I don't do a lot of "practicing" in the traditional sense of the word.  I prefer to play at least 9 holes on a daily basis.  Having played the Pro V1x and the Tour B X on the course this week, both "hopped and stopped" with wedges quite nicely and I could have placed a beach towel over the pitches around the green with each ball. 

I have a feeling this isn't going to be an easy decision.  But if I can't tell the difference between the MTB-X and the other two, I will save myself $20 a box.  We will see when they get here today.

Edit to add; with the modern ball, I believe it's time to replace the SeeMore Brass Blade.  That brassy "ting" is annoying!

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I finally made a decision on my first premium ball and went with 5 dozen Vice Pro balls. I can’t wait to get out and see how they perform. They just seemed the most consistent for my swing speed and the price was right. I’m not consistent enough yet to worry about maximum carry, I need all the help with consistency I can get.

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I'm going play 9 tonight and do some ball testing for myself. I'm going to compare the ProV1, ProV1X, Brigestone Tour BX, and both types of Callaway Chromesofts to first see if the Chromesofts are that much shorter, and then to see which of the other 3 balls performs the best for me off the driver, mid irons, and wedges. For reference, I swing my driver around 110 and just based on my short game practice with each ball I actually prefered the clicky feel of the Bridgestone balls off the wedges and putter. If it performs well off the longer clubs, it might be my new ball.

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6 hours ago, MaxEntropy said:

I didn't know to what degree Titleist, Callaway, and Taylor Made owned/controlled manufacturing, but I agree. That's why I was guessing Srixon would be among the leaders in consistency too. 

It was either in twitter or in the blog comments but tony replied to the question.Titleist owns everything. Callaway owns most of third abd taylormade only a portion. 

Titleist has a piece on their site about the number of people (something like 1100) that work in the ball and qc efforts. Somewhere around 90 different checks for the Prov1 and 120 for the 1x

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7 hours ago, MaxEntropy said:

I didn't know to what degree Titleist, Callaway, and Taylor Made owned/controlled manufacturing, but I agree. That's why I was guessing Srixon would be among the leaders in consistency too.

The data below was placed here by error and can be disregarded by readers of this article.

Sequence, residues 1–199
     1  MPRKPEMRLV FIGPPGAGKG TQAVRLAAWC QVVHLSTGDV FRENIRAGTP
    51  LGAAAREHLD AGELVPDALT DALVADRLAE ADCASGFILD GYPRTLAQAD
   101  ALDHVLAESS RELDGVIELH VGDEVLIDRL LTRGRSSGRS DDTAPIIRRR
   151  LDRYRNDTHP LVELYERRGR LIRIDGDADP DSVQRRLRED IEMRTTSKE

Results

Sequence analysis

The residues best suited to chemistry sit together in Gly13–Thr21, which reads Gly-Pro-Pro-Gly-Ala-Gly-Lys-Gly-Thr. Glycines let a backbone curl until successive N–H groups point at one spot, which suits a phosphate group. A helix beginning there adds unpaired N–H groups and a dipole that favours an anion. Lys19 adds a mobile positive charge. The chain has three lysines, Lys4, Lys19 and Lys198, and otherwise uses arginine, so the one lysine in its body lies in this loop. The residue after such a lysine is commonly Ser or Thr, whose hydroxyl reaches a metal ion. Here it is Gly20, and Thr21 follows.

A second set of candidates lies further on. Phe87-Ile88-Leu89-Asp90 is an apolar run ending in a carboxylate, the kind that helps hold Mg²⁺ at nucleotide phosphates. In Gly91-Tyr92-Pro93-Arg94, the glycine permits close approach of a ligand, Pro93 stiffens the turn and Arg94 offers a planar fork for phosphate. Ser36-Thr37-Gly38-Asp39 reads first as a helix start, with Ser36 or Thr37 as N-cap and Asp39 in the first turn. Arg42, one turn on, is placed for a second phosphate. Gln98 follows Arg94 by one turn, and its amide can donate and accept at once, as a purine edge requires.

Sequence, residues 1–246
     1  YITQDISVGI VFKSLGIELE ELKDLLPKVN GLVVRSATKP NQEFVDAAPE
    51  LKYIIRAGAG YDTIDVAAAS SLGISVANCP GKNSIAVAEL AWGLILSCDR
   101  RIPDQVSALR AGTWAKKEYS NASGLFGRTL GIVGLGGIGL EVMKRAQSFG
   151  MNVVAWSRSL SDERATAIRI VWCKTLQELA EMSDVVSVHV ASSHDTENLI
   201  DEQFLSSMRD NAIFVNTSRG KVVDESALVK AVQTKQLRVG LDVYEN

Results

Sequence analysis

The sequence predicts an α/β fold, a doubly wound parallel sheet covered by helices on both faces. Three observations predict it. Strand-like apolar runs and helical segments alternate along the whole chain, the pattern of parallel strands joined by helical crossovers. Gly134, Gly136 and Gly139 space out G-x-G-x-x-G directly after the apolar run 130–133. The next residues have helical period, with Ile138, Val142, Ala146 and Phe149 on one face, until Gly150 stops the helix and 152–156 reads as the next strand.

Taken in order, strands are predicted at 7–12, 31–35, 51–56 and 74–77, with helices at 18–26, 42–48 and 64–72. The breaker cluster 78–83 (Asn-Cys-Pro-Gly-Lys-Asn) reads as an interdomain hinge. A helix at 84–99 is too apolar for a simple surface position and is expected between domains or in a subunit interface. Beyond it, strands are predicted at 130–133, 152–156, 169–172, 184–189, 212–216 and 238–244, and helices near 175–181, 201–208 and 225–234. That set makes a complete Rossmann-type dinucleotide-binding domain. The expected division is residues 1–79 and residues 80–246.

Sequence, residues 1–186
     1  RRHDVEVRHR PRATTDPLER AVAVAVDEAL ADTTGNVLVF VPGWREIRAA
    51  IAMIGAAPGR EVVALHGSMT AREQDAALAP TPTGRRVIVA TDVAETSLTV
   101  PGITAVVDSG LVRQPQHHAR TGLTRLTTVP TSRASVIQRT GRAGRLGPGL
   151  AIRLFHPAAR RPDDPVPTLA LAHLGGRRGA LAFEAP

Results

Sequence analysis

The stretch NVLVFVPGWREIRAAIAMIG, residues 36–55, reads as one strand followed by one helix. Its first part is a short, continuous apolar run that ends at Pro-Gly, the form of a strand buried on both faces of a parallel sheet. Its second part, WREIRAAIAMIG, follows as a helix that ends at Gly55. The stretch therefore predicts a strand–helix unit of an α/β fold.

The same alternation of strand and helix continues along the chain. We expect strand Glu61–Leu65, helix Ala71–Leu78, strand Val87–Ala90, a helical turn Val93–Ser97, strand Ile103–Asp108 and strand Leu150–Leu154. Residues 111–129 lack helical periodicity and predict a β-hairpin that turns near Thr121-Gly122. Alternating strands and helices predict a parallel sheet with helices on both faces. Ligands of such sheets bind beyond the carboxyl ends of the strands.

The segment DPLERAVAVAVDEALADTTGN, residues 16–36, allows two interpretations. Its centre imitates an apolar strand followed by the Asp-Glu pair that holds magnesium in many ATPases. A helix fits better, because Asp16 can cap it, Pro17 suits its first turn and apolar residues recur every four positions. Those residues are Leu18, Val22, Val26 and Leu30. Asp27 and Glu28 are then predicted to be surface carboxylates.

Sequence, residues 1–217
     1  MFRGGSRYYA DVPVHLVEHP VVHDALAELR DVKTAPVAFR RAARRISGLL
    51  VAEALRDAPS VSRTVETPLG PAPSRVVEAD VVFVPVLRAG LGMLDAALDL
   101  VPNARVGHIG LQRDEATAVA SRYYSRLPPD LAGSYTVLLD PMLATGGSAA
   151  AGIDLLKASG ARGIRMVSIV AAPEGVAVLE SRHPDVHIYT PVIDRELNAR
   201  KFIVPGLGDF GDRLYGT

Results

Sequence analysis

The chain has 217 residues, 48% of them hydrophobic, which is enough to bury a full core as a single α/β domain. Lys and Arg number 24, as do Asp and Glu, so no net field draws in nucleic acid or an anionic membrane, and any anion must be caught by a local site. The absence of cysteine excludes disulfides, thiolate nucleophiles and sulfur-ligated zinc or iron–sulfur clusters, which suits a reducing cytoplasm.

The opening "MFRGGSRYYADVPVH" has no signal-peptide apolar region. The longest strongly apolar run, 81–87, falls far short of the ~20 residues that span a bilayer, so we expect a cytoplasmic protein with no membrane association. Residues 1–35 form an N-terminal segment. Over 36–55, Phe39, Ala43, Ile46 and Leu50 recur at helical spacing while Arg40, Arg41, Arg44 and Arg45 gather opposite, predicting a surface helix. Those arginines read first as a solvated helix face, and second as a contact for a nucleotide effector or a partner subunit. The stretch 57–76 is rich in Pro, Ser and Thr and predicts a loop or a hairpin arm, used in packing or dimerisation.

Based on the article comment replies by Tony and the live chat yesterday, Titleist and Srixon own and control the entire process.  Taylormade owns the cover application process but the core and materials are outsourced.  Callaway outsources most of the process and owns very little.

At least that's what I remember.  Please correct me if anything differs.

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9 minutes ago, sixcat said:

Based on the article comment replies by Tony and the live chat yesterday, Titleist and Srixon own and control the entire process.  Taylormade owns the cover application process but the core and materials are outsourced.  Callaway outsources most of the process and owns very little.

At least that's what I remember.  Please correct me if anything differs.

Coolest of beans, thanks Sixcat and to Tony for answering one of my questions. I really want to Oncore, but I'm not in the need for balls right now and I've got my spiff deal with Srixon where I can go super cheap... decisions, decisions.

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Trying to get some background on Srixon since they are one of the balls I'm interested.

It's never easy...
Looks like Dunlop owns Srixon.
Their mfg plant is in Japan - https://www.dunlopsports.co.jp/en/products/sports/ichijima.html
Dunlop owns Sumitomo Rubber co. and that's used in both the golf and tennis balls - https://www.dunlopsports.co.jp/en/company/profile/index.html

I'm sure I could go further down the rabbit hole, but I'm personally interested in a ball where the company controls the core component - the rubber on the inside - and it looks Srixon is one of those.

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I found this article and podcast really interesting and will definitely be using this information to choose the ball that’s right for me.

I’m cheap, so I’m  most interested in the mid priced balls - Snell offerings, Maxfli (on sale) and my current gamer, the Srixon Qstar tour. I plan to test all, but would like a little more information about how/why balls were placed in each category (very good, good, etc.).

I understand that the cut balls were placed in the poor category based on their tendency to get damaged, and the excellent balls seem to have a combination of both high performance and excellent quality control/consistency. What differentiates those balls in the middle of these two extremes?

just a general comment about what qualities balls in these middle categories possess would be great!

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After going through the incredible MGS Golf Ball report a couple times & watching the live chat, I started thinking about whether I should consider switching from my current ball, which happens to be the Snell MTB Black (last year’s model), for one of the higher consistency balls. I, too, was surprised by the left turn one of this year’s Snell’s took during the test. But since I have more than 3 dozen of them (couldn’t resist the winter sale), I wanted to find a way to use them the best I could before switching. So, I looked up how to salt water float golf balls to check them out. I also decided to check 7 brand new Kirkland 4-piece balls left over from last year and 4 new ProV 1’s. What I found was interesting enough that I thought I’d share my results should anyone else be interested.